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"The soil is, as a matter of fact, full of live organisms. It is essential to conceive of it as something pulsating with life, not as a dead or inert mass."
- Albert Howard, The Soil and Health, 1947

The Partridge Challenge
In January the Partridge Foundation awarded $1.0 million to establish an endowment to support MOFGA’s New Farmer Programs. It also pledged an additional $1.0 million if MOFGA can raise a similar amount before 2016. Read more.
Please join MOFGA in meeting this exciting challenge!



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MOFGA
PO Box 170, Unity, Maine 04988
Phone: 207-568-4142
Fax: 207-568-4141
Email: mofga@mofga.org
Physical Address:
294 Crosby Brook Road
Unity, Maine


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Join the Conversation About MOFGA's Future Work

Thank you to all who have joined us so far in talking about MOFGA's Vision, Values and Mission. There's still plenty of work ahead, and more opportunity for all of you to join the conversation. Visit the MOFGA Strategic Planning web page to see how you can get involved!

The Quincannon family, of MOFGA-certified organic Eden Acres Family Farm in East Waterboro. Will Porensky photo.

Know Your Organic Producers!

Meet Bryan and Ali Quincannon and their family, of MOFGA-certified organic Eden Acres Family Farm in East Waterboro. Eden Acres grows over 30 varieties of unique and flavorful heirloom apples that are ready to pick beginning in August and continuing through mid-November. "Using beneficial, living organisms is at the heart of my approach in creating a healthy system for healthy trees to thrive and produce healthy apples," says Bryan. Keep up with Eden Acres on their website and on Facebook. Please support MOFGA certified organic farmers and producers!

Search for local certified-organic food on MOFGACertification.org.

Organic and Sustainable Agriculture News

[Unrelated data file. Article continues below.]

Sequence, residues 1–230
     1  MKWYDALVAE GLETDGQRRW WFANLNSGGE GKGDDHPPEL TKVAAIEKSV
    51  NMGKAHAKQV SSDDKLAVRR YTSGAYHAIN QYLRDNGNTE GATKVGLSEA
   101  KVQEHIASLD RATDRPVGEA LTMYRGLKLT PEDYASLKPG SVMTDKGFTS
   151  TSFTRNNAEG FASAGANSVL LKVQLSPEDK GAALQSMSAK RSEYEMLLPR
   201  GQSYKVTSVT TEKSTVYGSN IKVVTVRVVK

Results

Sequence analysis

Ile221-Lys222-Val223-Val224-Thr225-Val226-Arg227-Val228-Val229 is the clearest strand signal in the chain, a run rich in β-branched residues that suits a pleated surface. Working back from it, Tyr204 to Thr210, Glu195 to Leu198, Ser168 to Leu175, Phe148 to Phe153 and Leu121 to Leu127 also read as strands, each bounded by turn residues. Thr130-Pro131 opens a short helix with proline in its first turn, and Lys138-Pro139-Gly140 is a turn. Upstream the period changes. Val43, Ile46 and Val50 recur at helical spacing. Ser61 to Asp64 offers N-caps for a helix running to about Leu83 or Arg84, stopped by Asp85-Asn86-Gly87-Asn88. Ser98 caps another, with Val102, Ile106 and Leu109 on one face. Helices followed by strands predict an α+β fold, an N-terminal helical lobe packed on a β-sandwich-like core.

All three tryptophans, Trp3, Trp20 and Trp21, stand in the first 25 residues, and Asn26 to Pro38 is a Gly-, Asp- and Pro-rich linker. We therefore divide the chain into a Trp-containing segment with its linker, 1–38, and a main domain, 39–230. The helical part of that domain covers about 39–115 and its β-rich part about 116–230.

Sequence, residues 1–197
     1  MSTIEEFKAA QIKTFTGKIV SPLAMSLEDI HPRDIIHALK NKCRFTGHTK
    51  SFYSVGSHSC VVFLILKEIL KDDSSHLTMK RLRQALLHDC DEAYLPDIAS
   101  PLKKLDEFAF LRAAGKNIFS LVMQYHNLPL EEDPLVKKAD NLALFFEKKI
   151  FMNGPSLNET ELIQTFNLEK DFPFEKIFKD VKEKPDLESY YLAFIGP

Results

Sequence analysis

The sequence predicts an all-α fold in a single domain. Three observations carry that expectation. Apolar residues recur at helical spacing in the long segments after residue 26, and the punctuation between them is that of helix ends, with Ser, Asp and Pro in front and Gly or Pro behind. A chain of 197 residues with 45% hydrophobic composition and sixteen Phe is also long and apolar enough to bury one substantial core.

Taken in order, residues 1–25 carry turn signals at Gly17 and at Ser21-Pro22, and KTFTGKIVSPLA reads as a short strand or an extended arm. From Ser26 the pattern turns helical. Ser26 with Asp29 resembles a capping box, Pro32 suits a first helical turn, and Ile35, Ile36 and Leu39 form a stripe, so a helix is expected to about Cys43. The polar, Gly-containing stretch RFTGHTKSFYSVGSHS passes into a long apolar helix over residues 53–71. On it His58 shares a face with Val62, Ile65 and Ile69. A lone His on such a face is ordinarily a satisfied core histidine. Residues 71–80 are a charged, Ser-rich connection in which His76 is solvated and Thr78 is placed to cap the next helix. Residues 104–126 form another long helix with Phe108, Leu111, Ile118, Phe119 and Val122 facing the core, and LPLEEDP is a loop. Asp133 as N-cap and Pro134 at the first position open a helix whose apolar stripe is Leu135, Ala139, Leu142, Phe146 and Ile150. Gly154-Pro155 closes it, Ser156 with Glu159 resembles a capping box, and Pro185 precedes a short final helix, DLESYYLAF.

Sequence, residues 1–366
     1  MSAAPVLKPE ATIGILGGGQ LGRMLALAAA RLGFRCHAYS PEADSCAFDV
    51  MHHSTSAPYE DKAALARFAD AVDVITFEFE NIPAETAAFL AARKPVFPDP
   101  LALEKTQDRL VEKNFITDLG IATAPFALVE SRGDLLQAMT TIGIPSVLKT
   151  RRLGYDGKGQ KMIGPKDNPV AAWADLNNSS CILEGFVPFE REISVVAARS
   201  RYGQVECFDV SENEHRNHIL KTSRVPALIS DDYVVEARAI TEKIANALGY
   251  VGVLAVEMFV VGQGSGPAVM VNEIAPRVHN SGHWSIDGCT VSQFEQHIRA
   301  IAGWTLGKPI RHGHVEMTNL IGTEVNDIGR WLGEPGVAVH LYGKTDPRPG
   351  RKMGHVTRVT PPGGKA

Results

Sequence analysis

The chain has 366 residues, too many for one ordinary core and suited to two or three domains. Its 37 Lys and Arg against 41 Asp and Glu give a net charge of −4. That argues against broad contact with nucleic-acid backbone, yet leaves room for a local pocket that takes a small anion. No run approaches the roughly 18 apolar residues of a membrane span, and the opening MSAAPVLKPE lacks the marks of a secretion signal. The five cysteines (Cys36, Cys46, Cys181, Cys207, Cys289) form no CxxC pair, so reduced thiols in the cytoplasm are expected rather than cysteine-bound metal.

Neat, weed-free garden looks great compared to flooded one
Kennebec Journal - 10/23/2009.
By Denis Thoet – When Michele looks up from what she is doing and says, "The garden looks great!" it takes me back a ways. I am in my mid-20s, sitting in a Queens, N.Y., funeral home, paying respects to my recently deceased great-uncle Bill lying in an open coffin nearby. Piercing the stifling tranquility is the jangling, bustling arrival of my favorite great-aunt, Alice, who marches up to the open coffin, looks at Uncle Bill for a second, looks at Aunt Lee (Bill's widow), and announces in a big, loud voice: "Lee, he looks great!" It took every fiber in my body not to burst out: "Aunt Alice, he's dead! He can't look great!"
Forecast grows more dire
Portland Press Herald - 10/22/2009.
By John Richardson – Portland: Greenland's glaciers are melting and falling into the ocean far faster than expected just five years ago, which means higher sea levels and more coastal flooding than expected here, researchers from the universities of Maine and New Hampshire said Wednesday. "A whole series of changes have started to take place in Greenland (that) lead us to believe we can expect a much larger sea level rise," said Gordon Hamilton, a research associate professor at the University of Maine's Climate Change Institute. And, Hamilton said, "we're going to see a lot of this sea level rise come a lot sooner than we thought."
The race goes not always to the fast
OrganicToBe - 10/22/2009.
By Gene Logsdon – I am not a real farmer, my neighbors say, because I don’t do it for money. That’s almost funny because the economists are saying that nobody’s farming for money this year. Although the corn crop is good in most of the midwest, there’s not much profit in it. Some go as far as projecting that on average, corn farmers will lose $8 per acre over the whole midwest. If that is the case, I’m not a real farmer for sure because I figure on netting $550 an acre on my corn.
Dresden farmers turn talents to plant-based proteins
Portland Press Herald - 10/21/2009.
By Avery Yale Kamila – Autumn sunlight filters softly through the kitchen windows as Andy Berhanu pours a fungal culture known as tempeh starter into a stainless-steel bowl of cooked soybeans. His wife, Jaime Berhanu, gently stirs the culture into the beans. Next, the pair, who own Lalibela Farm in Dresden, work together to scoop the mixture into specially perforated plastic bags. Jaime uses a rolling pin to flatten each bag. The bags will later be placed in a gently heated baking rack, where they'll ferment for a day before the starter turns each bag of loose beans into a solid cake of tempeh.
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Upcoming MOFGA Events

September 9 - Farm Training Project Workshop – Biodynamic Farming

September 25-27 - MOFGA’s Common Ground Country Fair


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